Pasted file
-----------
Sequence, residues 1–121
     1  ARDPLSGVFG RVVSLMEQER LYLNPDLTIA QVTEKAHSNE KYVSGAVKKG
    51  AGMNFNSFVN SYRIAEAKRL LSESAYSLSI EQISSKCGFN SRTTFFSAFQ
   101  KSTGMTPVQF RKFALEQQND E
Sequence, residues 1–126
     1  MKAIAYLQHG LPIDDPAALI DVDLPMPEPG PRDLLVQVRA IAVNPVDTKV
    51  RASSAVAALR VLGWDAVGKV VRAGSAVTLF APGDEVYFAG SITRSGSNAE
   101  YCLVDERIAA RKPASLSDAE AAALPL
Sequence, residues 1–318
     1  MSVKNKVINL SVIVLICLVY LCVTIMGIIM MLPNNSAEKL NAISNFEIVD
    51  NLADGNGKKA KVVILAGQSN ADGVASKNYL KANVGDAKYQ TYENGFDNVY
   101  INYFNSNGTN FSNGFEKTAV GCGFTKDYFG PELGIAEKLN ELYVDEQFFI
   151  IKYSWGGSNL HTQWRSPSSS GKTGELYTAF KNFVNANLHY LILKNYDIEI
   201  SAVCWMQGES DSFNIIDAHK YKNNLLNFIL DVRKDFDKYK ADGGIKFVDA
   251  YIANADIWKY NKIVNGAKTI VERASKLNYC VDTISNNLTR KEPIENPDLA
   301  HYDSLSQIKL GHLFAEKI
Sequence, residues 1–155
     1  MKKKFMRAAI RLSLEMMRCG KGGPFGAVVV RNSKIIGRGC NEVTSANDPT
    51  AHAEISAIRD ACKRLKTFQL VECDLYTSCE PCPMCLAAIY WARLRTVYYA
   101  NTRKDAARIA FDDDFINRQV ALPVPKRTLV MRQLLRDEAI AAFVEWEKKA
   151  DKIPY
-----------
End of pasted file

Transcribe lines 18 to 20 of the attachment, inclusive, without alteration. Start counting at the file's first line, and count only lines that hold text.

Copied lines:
     1  MKKKFMRAAI RLSLEMMRCG KGGPFGAVVV RNSKIIGRGC NEVTSANDPT
    51  AHAEISAIRD ACKRLKTFQL VECDLYTSCE PCPMCLAAIY WARLRTVYYA
   101  NTRKDAARIA FDDDFINRQV ALPVPKRTLV MRQLLRDEAI AAFVEWEKKA